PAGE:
Broseley London Ltd v Prime Asset Management Ltd  EWHC 944May 2020
The latest Technology and Construction Court (‘TCC’) judgment on payment and the enforcement of an adjudicator’s decision has been handed down. The Judge applied the “smash and grab” and “pay now argue later” principles as confirmed in the recent Court of Appeal decision of S&T (UK) v Grove Developments Limited (click here for case note).
Broseley London Limited (‘BLL’) is a construction company which specialises in the building and refurbishment of residential properties and listed buildings. Prime Asset Management Limited (‘PAML’) contracted with BLL to carry out refurbishments works to a grade II listed building in London, for the contract sum of £1,485,800.395 (‘the Contract’).
On 11 July 2019, BLL submitted a payment application in the sum of £485,216.17 (‘Valuation 19’), PAML failed to give a Payment Notice and the Pay Less Notice given on its behalf was late.
- Adjudication 1
On 1 August 2019, the sum included within Valuation 19 fell due. On 9 August 2019, BLL commenced an adjudication to obtain a decision confirming that the sum should be paid to it. The adjudicator issued its decision on 12 September 2019, confirmed that PAML should have paid BLL the sum plus VAT by 1 August 2019 and awarded contractual interest (‘Adjudication 1’).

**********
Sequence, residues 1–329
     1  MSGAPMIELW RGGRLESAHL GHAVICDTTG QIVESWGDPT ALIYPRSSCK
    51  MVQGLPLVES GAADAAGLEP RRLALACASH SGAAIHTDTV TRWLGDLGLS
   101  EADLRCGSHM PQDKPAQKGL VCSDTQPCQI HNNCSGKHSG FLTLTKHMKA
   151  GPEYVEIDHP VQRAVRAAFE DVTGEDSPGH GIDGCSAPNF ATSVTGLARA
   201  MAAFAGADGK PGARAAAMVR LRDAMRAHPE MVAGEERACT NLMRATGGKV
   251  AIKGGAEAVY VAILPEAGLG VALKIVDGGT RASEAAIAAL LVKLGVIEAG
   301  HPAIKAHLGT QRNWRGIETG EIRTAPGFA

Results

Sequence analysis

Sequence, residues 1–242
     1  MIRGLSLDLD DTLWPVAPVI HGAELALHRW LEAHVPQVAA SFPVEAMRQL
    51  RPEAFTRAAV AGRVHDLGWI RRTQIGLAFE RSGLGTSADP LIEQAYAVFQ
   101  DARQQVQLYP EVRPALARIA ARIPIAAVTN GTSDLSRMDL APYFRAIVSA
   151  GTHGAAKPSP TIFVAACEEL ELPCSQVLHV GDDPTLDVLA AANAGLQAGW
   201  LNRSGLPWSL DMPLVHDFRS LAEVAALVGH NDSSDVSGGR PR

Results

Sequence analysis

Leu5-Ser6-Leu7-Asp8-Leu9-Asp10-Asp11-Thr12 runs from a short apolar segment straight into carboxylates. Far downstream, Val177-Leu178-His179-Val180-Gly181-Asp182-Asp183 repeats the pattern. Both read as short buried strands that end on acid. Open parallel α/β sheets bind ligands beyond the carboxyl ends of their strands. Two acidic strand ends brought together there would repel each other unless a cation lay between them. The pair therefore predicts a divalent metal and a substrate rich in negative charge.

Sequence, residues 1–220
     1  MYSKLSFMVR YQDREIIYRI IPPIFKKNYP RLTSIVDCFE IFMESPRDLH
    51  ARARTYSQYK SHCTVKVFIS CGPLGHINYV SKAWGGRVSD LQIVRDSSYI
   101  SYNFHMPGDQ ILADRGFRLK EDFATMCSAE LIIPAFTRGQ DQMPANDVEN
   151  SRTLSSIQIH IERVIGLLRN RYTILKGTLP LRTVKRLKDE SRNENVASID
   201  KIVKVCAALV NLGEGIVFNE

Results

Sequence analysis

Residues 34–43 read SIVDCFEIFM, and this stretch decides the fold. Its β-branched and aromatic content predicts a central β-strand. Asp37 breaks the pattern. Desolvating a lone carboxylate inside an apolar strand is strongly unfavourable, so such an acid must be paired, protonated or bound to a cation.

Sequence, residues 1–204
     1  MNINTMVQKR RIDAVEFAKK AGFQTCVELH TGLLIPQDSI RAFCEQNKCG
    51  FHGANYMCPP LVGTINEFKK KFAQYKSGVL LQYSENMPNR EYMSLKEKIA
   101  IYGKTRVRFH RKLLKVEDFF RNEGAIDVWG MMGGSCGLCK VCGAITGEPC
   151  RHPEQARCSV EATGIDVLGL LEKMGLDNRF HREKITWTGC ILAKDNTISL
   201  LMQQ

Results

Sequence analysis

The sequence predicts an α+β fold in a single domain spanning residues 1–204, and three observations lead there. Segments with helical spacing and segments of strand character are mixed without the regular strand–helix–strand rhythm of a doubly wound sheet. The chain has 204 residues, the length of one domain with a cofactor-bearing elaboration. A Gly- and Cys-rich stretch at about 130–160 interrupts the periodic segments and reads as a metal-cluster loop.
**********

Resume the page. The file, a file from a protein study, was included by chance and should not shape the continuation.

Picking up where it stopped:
- Adjudication 2 and 3
Two adjudications followed, one in relation to Valuation 20 (‘Adjudication 2’) and another which held that BLL had lawfully terminated the contract (‘Adjudication 3’) on the basis that PAML had failed to pay sums due to BLL, in particular the amount due pursuant to Valuation 19 (as confirmed in Adjudication 1).
- Enforcement proceedings
BLL applied to the TCC for summary judgement to enforce the adjudicator’s decision in Adjudication 1. PAML did not oppose BLL’s application, but sought a stay of execution so as to allow PAML to commence Part 7 proceedings to determine the true value of the account.
PAML’s application for a stay of execution
As set out above, by the end of March 2020, PAML no longer opposed BLL’s application to enforce the decision in Adjudication 1, but PAML applied for a stay of execution for payment.
PAML sought a stay of execution of around two months in order to allow a “true value” adjudication to take place – PAML’s contention was that on a full evaluation of the account, a significant sum would be due from BLL to PAML.
PAML’s application sought to establish that BLL’s financial position was weak. PAML made its application on the following four grounds:
- the probable inability of BLL to repay the judgment sum at the end of the trial of the underlying issues;
- BLL’s financial position being worse than its financial position at the time when the Contract was made;
- BLL’s financial position was not due to PAML’s failure to pay the sum awarded by the Adjudicator;
- a real risk that any future final judgment would go unsatisfied by reason of BLL organising its affairs with the purpose of dissipating or disposing of the sum awarded in Adjudication 1 so that it would not be available to be repaid.